In Teen Titans, #0, the first thing that boy tells Batman is: “Honestly? It [discovering your secret identity] wasn’t as hard as it would seem.” That’s the same sort of bragging that the character had done in Batman, #0: “You’re not going to throw out the best student in the school”; “I thought it’d be more fun to catch you in the act…a challenge, you know? But you made it ridiculously easy.”
Batman’s response to that boy is, “Hubris is an unattractive quality, Tim.” And indeed the story of Tim in those two magazines is a story of hubris: a teenager so convinced of his intellectual capabilities that he sets out to deduce Batman’s identity and apply for the job of Robin. Furthermore, when Batman doesn’t accept his application, Tim forces the Caped Crusader’s hand, taking a potentially fatal risk that costs him his loving family. The story of Teen Titans, #0, is thus about Tim learning a valuable lesson about life.
Last week I wrote:
Perhaps this is a new characterization of Tim as intellectually snobbish. Stories about him overcoming that flaw could be interesting, though I think they’d undermine some of his appeal for readers. (Shall we see what Teen Titans, #0, brings?)And now we know. James Tynion IV carried out his Batman, #0, assignment to write dialogue not for the Tim Drake most comics fans are familiar with but for another character named Timothy. I still question how his scene makes the SAT the final revelation instead of the police, and the vagueness of the line, “The way you treat your students and your faculty…you’re a bad man, Mr. Renfield.” But in terms of the boy’s characterization, Tynion was right on target.
Teen Titans, #0, also tells us that the Tim in those episodes didn’t have the surname Drake until he became Batman’s partner as Red Robin (wearing the 2006-2009 costume). That name change was a last-minute decision by DC Comics editors, Lobdell told CBR. So literally the boy in those scenes was not Tim Drake yet.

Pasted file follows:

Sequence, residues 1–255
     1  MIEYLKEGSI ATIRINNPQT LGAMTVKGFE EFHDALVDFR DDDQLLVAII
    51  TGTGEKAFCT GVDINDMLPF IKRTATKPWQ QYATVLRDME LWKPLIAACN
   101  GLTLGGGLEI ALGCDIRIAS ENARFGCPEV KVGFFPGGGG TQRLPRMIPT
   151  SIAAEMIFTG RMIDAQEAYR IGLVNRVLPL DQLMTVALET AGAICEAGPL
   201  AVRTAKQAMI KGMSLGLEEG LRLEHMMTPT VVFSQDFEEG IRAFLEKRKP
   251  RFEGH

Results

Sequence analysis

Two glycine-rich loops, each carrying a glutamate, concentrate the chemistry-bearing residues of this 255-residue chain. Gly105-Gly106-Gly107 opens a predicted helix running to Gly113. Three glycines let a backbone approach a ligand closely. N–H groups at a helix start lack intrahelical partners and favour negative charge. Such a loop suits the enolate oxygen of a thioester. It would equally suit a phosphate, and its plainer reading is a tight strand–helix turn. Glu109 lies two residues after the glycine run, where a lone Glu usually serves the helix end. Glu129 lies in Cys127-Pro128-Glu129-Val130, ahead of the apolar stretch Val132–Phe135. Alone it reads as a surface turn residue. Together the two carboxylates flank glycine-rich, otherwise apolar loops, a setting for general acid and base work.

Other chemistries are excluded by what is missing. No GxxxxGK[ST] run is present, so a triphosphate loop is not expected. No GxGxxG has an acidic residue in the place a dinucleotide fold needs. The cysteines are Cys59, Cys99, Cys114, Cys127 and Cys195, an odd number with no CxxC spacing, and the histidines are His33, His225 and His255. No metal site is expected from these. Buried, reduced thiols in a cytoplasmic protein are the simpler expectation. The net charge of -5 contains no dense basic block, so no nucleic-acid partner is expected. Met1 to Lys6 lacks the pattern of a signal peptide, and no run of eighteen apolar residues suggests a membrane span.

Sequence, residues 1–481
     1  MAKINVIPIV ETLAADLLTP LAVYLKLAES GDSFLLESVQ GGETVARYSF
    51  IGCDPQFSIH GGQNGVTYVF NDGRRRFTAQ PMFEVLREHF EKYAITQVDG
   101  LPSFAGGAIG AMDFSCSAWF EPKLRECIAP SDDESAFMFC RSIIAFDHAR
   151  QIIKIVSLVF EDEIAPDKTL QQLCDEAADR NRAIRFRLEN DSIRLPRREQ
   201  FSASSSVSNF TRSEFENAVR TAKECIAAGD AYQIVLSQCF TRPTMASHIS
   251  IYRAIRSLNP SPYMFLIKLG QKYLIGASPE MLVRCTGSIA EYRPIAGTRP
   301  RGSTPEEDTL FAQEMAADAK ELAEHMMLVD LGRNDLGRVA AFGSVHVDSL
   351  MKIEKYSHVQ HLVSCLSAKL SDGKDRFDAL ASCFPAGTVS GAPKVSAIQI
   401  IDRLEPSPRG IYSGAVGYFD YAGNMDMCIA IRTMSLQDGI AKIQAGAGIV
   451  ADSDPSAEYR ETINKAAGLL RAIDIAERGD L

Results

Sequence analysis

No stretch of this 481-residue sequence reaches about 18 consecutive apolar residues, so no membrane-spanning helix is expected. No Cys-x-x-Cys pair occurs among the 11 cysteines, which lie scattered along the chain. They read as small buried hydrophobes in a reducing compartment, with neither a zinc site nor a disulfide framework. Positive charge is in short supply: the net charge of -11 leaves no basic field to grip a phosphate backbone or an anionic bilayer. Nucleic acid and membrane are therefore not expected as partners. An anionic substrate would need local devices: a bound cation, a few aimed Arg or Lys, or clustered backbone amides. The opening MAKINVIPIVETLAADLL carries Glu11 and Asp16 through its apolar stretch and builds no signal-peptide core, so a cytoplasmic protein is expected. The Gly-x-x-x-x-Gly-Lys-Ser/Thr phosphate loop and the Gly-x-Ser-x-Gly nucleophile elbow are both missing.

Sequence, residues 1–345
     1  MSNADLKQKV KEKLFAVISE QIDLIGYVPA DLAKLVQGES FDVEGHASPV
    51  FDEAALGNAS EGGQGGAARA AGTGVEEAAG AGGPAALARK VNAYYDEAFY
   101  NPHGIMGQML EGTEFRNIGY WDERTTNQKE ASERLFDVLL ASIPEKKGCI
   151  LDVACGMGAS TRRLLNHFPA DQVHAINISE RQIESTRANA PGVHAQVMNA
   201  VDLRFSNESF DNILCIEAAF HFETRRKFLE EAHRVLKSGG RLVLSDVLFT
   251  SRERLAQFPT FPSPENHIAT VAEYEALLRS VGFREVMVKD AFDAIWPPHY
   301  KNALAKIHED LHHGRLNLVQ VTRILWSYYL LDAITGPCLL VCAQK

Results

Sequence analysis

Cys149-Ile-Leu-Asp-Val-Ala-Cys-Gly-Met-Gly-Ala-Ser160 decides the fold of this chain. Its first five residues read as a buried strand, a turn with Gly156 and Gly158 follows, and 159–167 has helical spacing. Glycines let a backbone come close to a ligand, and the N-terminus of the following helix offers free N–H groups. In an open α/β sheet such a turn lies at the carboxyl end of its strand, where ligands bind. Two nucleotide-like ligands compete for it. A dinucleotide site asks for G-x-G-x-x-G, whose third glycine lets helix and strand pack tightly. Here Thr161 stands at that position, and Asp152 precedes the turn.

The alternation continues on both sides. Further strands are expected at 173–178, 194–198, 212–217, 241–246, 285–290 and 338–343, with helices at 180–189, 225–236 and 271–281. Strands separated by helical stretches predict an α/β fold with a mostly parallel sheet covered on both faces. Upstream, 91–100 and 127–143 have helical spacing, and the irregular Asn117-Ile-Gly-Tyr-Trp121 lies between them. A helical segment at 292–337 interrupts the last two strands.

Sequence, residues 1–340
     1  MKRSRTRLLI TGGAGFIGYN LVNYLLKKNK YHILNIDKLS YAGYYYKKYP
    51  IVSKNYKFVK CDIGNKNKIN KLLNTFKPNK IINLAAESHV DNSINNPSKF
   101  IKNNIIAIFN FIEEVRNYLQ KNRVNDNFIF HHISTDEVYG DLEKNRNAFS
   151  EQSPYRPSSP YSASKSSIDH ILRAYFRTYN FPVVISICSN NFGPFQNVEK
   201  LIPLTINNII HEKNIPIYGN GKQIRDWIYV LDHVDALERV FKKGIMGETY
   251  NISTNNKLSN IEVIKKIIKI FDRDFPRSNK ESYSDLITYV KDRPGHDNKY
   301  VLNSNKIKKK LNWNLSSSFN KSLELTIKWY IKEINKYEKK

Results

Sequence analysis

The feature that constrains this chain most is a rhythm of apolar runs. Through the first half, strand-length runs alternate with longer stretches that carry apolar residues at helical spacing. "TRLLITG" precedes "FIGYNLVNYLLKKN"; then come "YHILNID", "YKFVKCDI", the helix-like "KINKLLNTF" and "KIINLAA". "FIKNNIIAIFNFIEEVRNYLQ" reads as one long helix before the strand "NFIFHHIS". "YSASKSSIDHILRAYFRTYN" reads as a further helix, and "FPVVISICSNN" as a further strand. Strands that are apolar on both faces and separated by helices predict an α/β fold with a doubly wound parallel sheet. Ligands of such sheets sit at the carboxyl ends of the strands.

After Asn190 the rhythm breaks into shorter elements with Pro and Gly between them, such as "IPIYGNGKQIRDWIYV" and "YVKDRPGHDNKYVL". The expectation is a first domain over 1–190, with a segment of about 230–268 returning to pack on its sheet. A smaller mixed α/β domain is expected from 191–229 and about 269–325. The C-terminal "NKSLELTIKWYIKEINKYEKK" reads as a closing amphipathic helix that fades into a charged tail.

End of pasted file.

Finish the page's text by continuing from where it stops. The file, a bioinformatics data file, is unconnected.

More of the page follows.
The first Tim Drake was dedicated and convinced that Batman needed a Robin, but never hubristic like the second. The first Tim had a special link to Dick Grayson; the second has no direct connection. The first Tim figured out Batman’s secret identity; the second only thought he had. The first had a deep unconscious desire for a father figure due to absent and inadequate parents; the second had very supportive parents, whom he endangered and then had to give up to save their lives. Obviously the symbolic value and thus the appeal of the two characters will be different.
There’s plenty of story potential in the second Tim Drake: his feelings of love and guilt for his parents, now in witness protection (and having more children?); his intellectual rivalry with Batman; his need to guard against hubris. Even the enmity of disgraced headmaster Renfield might become the seed for a future plot. But this is not the character fans have followed since 1989.
Another notable pattern from this month’s rebooted Robins is how they’ve been assigned details that once distinguished Batman’s female allies. Nightwing, #0, gives Dick Grayson a highly developed ability to read body language, formerly the hallmark of Cassandra Cain. Teen Titans, #0, shows Tim hacking money from criminals, as Barbara Gordon did when she was Oracle. The same magazine shows Tim tweaking the Gotham underworld to gain Batman’s attention and having that blow up in his face, just as Stephanie Brown did in the War Games crossover. That seems to leave less room for Cassandra and Stephanie to reappear as they did before, but then the Tim Drake they knew has disappeared as well.